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Turkey to reconstruct Sudan’s ancient port city, seeks to exert influence in Africa

US Rep. Ilhan Omar (D-MN) (L) talks with Speaker of the House Nancy Pelosi (D-CA) during a rally with fellow Democrats before voting on H.R. 1, or the People Act, on the East Steps of the US Capitol on March 08, 2019 in Washington, DC. (AFP photo)
A bird's-eye view of Sudan's Suakin Island on the Red Sea coast

Sudan says Turkey will reconstruct a ruined Ottoman-era port city on Sudan’s Red Sea coast, as Ankara seeks to expand its military and economic ties in the African continent.

Sudanese Foreign Minister Ibrahim Ghandour announced the news on Tuesday, saying the restoration at Suakin Island, located in northeastern Sudan, was agreed during a visit to the ancient port by Turkish President Recep Tayyip Erdogan a day earlier.

The Turkish leader, who was in Sudan’s capital city of Khartoum as part of his three-day tour to Africa, said on Monday that his Sudanese counterpart Omar al-Bashir had agreed to temporarily hand over Suakin to Ankara for rebuilding purposes in order to make it as a tourist site and a transit point for those who want to perform Umrah or Lesser Pilgrimage from Turkey to Saudi Arabia’s holy sites.

“You should give the island to us for a while and we will rebuild and revive this island in accordance with its original form,” Erdogan said that he had told the Sudanese president at the meeting, adding “My brother Omar al-Bashir said ‘OK.’”

Suakin, used to be considered the height of medieval luxury on the Red Sea, was Sudan’s major port when it was ruled by the Ottoman Empire, but fell into disuse over the last century following the construction of Port Sudan, 60 kilometers to the north.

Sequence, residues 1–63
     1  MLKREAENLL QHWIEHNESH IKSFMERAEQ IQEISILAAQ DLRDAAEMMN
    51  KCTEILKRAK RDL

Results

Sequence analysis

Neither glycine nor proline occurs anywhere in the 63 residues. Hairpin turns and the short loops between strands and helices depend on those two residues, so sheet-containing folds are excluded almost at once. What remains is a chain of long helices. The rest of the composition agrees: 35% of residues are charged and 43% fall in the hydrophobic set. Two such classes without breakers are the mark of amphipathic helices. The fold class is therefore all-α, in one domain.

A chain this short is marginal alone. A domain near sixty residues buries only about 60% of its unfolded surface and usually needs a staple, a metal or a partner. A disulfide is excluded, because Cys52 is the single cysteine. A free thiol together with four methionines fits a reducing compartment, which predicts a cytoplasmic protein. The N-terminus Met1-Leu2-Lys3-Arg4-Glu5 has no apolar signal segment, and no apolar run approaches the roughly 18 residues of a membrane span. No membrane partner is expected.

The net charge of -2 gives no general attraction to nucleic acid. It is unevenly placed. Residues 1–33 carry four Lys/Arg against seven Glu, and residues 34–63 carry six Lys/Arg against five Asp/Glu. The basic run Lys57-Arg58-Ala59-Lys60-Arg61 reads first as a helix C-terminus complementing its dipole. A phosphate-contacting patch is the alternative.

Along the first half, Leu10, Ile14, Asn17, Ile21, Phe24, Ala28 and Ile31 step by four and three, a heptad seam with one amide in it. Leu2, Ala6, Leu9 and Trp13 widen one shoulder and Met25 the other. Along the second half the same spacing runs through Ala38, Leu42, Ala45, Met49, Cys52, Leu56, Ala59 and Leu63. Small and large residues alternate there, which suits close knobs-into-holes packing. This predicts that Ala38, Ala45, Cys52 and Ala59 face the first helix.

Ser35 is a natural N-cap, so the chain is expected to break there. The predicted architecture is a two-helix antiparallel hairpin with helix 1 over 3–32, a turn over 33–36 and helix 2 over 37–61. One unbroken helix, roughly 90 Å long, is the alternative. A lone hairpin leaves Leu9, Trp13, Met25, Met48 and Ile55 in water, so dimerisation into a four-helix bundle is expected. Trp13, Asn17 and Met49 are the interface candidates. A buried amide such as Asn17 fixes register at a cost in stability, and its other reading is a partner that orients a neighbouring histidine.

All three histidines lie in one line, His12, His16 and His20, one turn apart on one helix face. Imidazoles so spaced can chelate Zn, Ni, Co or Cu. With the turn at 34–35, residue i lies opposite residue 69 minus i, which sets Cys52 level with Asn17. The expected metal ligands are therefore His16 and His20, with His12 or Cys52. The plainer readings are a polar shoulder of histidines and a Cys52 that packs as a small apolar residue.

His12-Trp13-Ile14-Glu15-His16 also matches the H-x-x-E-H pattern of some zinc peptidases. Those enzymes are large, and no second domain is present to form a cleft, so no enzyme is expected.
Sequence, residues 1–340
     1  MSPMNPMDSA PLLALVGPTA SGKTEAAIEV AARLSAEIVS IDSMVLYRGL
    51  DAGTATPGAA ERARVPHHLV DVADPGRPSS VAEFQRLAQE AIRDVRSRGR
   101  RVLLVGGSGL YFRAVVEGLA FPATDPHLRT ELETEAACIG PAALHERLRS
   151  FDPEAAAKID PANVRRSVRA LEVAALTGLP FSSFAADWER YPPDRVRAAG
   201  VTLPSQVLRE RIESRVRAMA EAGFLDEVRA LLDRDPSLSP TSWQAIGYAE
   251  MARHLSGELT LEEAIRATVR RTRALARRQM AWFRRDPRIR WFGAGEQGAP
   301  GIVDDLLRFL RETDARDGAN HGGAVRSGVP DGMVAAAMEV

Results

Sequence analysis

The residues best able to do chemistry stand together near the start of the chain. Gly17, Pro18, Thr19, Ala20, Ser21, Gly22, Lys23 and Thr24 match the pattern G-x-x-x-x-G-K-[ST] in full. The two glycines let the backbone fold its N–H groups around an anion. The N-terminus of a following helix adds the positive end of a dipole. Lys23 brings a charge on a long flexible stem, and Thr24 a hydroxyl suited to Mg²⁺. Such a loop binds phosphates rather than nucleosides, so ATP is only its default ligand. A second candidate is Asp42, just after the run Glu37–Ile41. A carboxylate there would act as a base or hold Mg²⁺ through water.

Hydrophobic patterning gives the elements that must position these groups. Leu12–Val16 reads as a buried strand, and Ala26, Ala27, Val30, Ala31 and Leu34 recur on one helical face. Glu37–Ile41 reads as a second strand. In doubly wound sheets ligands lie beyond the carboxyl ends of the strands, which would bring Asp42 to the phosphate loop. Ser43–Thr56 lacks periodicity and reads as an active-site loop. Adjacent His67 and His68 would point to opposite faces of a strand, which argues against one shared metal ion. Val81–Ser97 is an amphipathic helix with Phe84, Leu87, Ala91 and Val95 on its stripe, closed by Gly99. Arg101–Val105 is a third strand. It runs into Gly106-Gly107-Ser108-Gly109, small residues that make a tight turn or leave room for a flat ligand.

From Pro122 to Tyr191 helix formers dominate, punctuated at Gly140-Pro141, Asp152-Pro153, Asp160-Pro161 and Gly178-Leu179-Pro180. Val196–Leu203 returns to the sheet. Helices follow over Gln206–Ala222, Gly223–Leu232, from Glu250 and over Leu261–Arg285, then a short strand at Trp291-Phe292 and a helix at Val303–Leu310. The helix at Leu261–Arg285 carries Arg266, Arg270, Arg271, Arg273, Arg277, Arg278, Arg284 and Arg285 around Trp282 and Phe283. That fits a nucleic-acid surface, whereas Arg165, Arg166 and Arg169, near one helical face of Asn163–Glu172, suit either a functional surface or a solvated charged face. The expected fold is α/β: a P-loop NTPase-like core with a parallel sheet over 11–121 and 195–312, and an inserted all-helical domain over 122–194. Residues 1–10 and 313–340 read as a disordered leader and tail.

The Turkish leader further said that the refurbished Suakin would attract Mecca-bound pilgrims who would want to see the island’s history, contributing to Sudan’s tourism sector. “Imagine, people from Turkey wishing to go on pilgrimage will come and visit the historical areas on Suakin Island. From there ... they will cross to Jeddah by boat,” he added.

This handout photograph taken and released by the Turkish Presidential Press Office on December 24, 2017, shows President of Turkey Recep Tayyip Erdogan (L) as he shakes hands with President of Sudan Omar al-Bashir in Khartoum. (Photo by AFP)

Erdogan, however, did not pay a visit to Sudan, as the first trip by a Turkish president to the poor African nation, solely for reconstructing a bleak port city.

According to Ghandour, the two presidents also agreed “to build a dock to maintain civilian and military vessels. The Sudanese top diplomat went on to say that the leaders had signed an agreement “that could result in any kind of military cooperation.”

He said the Suakin deal was one of several, worth $650 million in total, agreed with Sudan, which emerged from two decades of US sanctions in October and is striving to draw international investment.

Furthermore, a joint statement issued by both leaders said that “a concrete step has been taken by establishing the High Level Strategic Cooperation Council,” which would be maintained jointly by both presidents.

The wide-ranging agreements came some three months after Turkey formally opened a $50 million military training base in the African country as Ankara wields growing influence in the region.

According to Turkey’s Foreign Economic Relations Board, Erdogan and Bashir have said that they aimed for trade between the two countries to reach $10 billion.

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